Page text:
LPAs are a multi-tiered endeavor involving various levels within the organization, spanning from the shop floor to senior management. Each layer has a different frequency, scope, and coverage of the audits. The higher the layer, the less frequent but more comprehensive the audits are. The lower the layer, the more frequent but more focused the audits are. This ensures that the processes are audited from multiple perspectives and at multiple levels of detail.
As we’ve discussed, Layered Process Audits are focused on the processes rather than the products or outcomes. Their primary objective is to verify that processes are being diligently and consistently followed under established standards and procedures. LPAs also identify any deviations, nonconformities, or opportunities for improvement within the processes themselves.
Trained auditors spearhead LPAs, utilizing standardized checklists to assess compliance with process requirements. Instead of inspecting products or services after completion, auditors observe and validate how products are made or services are delivered. They meticulously document and report their findings, along with recommendations for corrective and preventive actions. Their primary objective is to verify that processes are being diligently and consistently followed under established standards and procedures. LPAs also identify any deviations, nonconformities, or opportunities for improvement within the processes themselves.
Dissecting the 3 Layers of Layered Process Audits
This foundational layer consists of operators, technicians, or frontline workers directly involved in the processes. They carry out daily or weekly audits of their own processes, using a simple checklist that covers the critical steps or control points. Their focus is to ensure adherence to standard work instructions or procedures while meeting quality requirements. Layer 1 audits swiftly identify and address any immediate problems or issues.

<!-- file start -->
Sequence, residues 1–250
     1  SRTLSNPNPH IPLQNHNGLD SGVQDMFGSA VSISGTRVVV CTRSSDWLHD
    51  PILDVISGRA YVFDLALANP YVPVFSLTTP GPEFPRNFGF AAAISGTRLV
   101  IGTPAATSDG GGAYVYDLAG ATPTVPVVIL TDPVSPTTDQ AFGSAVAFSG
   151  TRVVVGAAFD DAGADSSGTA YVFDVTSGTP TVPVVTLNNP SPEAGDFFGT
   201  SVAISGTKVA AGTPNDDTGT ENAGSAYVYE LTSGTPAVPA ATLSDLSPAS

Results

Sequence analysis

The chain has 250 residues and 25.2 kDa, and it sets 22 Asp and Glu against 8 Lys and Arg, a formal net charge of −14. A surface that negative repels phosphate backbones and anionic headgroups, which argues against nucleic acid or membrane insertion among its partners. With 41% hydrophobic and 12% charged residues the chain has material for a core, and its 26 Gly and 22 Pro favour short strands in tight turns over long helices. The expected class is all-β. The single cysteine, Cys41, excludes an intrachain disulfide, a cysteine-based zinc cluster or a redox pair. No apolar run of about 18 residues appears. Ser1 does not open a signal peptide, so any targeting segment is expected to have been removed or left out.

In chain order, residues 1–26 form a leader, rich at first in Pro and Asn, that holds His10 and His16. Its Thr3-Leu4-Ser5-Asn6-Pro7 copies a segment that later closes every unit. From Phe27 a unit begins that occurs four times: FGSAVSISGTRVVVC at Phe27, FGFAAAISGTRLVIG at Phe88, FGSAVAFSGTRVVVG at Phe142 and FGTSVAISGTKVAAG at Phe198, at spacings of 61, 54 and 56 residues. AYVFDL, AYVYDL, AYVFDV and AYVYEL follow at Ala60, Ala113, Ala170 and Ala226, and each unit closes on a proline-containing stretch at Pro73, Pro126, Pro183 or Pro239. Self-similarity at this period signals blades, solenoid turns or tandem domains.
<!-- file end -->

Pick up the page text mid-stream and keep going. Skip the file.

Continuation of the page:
The intermediate layer comprises supervisors, managers, or team leaders responsible for overseeing the processes. They conduct weekly or monthly audits within their specific area or department, utilizing a more comprehensive checklist that encompasses various aspects of the processes. They aim to validate that their subordinates are following the prescribed work instructions or procedures, meeting quality requirements, and identifying any emerging trends or patterns that warrant further analysis.
At the uppermost level of the organization, senior managers, directors, or executives possess a broad perspective of the entire process landscape. They conduct monthly or quarterly audits across multiple areas or departments, employing a comprehensive checklist that covers all facets of the processes. Layer 3 audits verify that subordinates are following the necessary processes, promoting an effective overall production system
4 Steps of Layered Process Audits
Building upon the foundation of a well-designed LPA program, the process of conducting LPAs involves a series of key activities aimed at validating processes, implementing corrective actions, and evaluating performance. In this section, we will delve into these activities to provide a comprehensive understanding of how to conduct LPAs effectively.
The duration of an LPA can vary depending on several factors, including the complexity and size of the organization, the number of processes being audited, and the depth of the audit itself. On average, an LPA can range from a few minutes to several days, depending on the scope and coverage. It is essential to allocate sufficient time for each audit to ensure a thorough assessment of the processes and identify any potential areas for improvement.
If you’d like to continue learning about Layered Process Audits, please download our LPA Whitepaper resource.
In addition to what we’ve already covered, our LPA Whitepaper dives deeper into topics such as:
- A full breakdown of all 4 steps to a Layered Process Audit
- The 3 key elements of LPA and how they work cohesively
- How performance metrics and data analysis take Layered Process Audit management to the next level
- Integrating a Layered Process Audit Plan with your QMS (ISO, Lean, Sigma, etc.)
- The biggest challenges of LPA implementation and tips for your LPA team to surpass these hurdles
- Our thoughts on future trends and innovation of the LPA system
We also offer free-to-download process audit checklist templates to help you track your compliance immediately. Our internal audit checklist library includes: